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My Wartime Childhood Years

by elgeece-hurrell

Contributed by 
elgeece-hurrell
People in story: 
Linda Hurrell
Location of story: 
Plymouth, Dunoon and Belfast
Background to story: 
Civilian
Article ID: 
A4059146
Contributed on: 
12 May 2005

September 3rd 1939 — I celebrated my 4th birthday. A memorable day for many and especially so for me. I can remember being in church with my older sisters that day and a great announcement was made from the pulpit. It seemed as though everyone left the church and as we made our way up the hill to home we had to avoid all the men running down to Plymouth Dockyard. When we arrived home my grandmother was sitting with my mother by a table in the corner of the room and on this table was a Teddy bear, which I still cherish to this day. He is a bit the worse for wear as he has given 3 generations a lot of pleasure and comfort.

The declaration of war didn’t seem to affect our family very much as I recall as all the menfolk were already serving seamen and would be away for 3 years at a time. I was 2¼ years old when I first met my father. I believed that the picture on the mantelshelf was my father not this man who looked a bit like the picture. I took some convincing as I remember.

In 1940 my father’s ship was due to be stationed in Scotland for 3 months being the mother ship for training midget submariners. Dad found lodgings and Mum packed us all up and went up there to be near him. Whilst we there Plymouth was flattened — including our house — and all we had was what Mum had packed. We lost everything else because what wasn’t destroyed by the fires from the incendiary bombs was looted. Even though my father’s ship sailed away we stayed on in Dunoon as we had no home or family to go back to. We stayed in Scotland for 3 years until Dad’s ship was sent to Belfast where we once again joined him. Again we stayed on after his ship left again for 3 years during which time VE and VJ days were celebrated but Dad was still somewhere at sea. When he did return we were all settled in Belfast, my sisters were working by this time, but they would not grant my father a work permit so we all had to up-sticks once again and return to England.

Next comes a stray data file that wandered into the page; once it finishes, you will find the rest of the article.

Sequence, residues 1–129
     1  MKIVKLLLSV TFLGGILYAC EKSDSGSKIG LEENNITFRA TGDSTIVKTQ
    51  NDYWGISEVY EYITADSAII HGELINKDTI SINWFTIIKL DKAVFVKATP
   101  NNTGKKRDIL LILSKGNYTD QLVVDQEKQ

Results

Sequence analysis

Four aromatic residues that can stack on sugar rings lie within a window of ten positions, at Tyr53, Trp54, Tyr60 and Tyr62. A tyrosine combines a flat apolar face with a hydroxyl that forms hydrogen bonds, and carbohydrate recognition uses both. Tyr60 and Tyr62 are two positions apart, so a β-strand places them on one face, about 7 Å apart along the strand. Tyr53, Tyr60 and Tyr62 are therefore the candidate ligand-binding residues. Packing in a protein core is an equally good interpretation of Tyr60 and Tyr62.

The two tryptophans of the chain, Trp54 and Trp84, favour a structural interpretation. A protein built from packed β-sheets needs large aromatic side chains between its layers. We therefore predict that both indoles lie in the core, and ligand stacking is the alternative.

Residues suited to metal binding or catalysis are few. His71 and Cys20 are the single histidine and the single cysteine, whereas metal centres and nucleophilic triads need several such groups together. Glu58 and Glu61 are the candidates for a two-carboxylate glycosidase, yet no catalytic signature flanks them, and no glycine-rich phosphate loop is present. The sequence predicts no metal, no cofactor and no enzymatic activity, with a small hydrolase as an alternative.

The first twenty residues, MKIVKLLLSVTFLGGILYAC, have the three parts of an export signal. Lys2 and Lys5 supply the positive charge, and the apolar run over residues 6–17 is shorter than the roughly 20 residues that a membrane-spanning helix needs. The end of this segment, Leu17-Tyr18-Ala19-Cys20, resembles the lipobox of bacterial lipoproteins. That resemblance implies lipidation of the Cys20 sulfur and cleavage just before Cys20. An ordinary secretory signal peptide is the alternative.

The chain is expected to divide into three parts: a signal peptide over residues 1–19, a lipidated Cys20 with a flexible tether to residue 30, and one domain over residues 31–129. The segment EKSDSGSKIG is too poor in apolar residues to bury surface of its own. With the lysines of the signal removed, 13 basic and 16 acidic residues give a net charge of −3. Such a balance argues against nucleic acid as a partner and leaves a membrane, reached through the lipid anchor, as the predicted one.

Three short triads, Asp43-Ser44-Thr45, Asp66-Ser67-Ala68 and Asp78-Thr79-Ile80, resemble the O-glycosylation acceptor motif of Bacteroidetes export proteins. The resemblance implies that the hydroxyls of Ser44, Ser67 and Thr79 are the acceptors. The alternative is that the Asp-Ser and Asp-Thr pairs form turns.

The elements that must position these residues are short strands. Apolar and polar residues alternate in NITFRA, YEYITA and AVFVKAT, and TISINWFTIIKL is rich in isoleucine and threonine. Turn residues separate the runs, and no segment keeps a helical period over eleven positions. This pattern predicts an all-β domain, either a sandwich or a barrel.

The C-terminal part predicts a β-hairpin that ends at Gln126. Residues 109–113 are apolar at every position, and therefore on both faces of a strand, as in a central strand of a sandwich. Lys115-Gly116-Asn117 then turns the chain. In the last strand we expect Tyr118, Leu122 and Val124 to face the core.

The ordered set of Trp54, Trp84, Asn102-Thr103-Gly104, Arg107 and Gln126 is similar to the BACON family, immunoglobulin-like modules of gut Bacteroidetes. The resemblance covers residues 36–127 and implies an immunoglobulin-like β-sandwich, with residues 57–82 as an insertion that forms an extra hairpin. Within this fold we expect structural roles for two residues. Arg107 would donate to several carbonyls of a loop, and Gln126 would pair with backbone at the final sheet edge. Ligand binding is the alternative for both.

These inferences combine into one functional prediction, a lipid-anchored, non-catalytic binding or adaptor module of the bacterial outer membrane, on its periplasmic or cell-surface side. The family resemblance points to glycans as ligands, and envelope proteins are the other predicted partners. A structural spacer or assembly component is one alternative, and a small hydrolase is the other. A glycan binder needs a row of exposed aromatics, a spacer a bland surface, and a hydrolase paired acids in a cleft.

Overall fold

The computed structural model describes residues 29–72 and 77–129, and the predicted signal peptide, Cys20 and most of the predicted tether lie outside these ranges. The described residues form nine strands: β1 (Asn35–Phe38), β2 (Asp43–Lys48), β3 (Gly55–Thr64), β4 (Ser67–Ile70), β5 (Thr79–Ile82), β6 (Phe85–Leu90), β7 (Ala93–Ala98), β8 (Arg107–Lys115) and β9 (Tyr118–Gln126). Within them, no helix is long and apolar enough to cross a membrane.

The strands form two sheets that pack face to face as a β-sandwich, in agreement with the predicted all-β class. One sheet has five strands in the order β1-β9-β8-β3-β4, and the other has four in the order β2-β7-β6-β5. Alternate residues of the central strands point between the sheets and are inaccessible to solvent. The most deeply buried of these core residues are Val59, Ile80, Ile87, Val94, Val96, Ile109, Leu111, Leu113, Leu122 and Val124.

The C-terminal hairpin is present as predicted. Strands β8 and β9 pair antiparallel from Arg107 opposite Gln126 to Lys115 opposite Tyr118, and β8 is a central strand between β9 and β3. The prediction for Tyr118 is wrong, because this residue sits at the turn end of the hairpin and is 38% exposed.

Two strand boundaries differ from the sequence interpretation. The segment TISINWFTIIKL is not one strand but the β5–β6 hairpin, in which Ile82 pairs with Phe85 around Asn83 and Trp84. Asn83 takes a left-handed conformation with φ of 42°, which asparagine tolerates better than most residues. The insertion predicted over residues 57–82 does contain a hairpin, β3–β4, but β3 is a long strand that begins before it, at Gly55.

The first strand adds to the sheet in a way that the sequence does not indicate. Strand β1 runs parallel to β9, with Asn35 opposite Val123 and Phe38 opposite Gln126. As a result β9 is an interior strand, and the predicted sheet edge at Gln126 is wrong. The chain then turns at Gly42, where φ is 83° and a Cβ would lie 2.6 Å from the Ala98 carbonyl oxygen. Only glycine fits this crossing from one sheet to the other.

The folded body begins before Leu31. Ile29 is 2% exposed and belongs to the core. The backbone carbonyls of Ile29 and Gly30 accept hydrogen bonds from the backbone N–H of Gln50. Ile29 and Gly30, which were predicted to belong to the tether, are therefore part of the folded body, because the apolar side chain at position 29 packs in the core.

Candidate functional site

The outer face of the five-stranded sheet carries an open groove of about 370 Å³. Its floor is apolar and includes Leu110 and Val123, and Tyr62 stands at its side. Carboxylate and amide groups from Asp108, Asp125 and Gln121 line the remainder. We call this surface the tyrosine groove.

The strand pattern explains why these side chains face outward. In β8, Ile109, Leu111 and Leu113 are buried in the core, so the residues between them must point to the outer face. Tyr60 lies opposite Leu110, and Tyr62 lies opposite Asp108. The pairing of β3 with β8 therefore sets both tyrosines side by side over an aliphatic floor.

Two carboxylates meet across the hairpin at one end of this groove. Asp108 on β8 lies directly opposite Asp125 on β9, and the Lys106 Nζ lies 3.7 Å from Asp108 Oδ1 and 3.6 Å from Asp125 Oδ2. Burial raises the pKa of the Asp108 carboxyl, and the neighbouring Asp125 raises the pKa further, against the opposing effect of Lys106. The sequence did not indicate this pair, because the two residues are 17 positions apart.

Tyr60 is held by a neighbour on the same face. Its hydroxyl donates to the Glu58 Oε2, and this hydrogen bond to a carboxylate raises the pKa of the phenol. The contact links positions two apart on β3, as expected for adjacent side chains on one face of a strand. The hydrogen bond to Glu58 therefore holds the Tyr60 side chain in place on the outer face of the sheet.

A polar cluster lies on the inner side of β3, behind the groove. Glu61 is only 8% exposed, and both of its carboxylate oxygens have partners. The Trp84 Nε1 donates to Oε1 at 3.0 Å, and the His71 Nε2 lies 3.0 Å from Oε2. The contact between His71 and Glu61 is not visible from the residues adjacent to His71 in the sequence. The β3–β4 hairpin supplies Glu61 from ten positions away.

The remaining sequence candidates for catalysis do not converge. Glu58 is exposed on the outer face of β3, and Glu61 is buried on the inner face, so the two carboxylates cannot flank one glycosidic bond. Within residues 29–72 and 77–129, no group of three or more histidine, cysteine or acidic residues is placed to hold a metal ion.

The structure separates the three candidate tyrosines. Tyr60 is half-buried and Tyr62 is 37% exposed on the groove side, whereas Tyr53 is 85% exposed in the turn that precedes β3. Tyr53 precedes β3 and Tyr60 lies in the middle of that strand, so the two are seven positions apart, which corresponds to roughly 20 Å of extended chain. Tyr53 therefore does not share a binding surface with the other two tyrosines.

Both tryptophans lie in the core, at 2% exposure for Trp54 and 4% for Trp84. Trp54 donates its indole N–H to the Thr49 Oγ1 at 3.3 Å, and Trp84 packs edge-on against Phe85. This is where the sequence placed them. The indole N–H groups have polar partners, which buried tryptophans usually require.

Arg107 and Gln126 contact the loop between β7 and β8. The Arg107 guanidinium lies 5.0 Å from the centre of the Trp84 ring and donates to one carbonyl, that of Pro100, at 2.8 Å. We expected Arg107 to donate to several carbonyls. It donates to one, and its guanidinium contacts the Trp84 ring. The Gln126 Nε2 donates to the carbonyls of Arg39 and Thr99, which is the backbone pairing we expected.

We saw my father whenever possible during those war years. Because of the Official Secrets Act etc. my father wasn’t allowed to tell my mother where he was but they got around this by my father making a ‘person to person reverse charge call’ to a neighbour asking for my mother. The operator was obliged to ask if Mum was willing to accept a call from the place and person. She had no need to accept it — it told her all she needed to know to get to see him.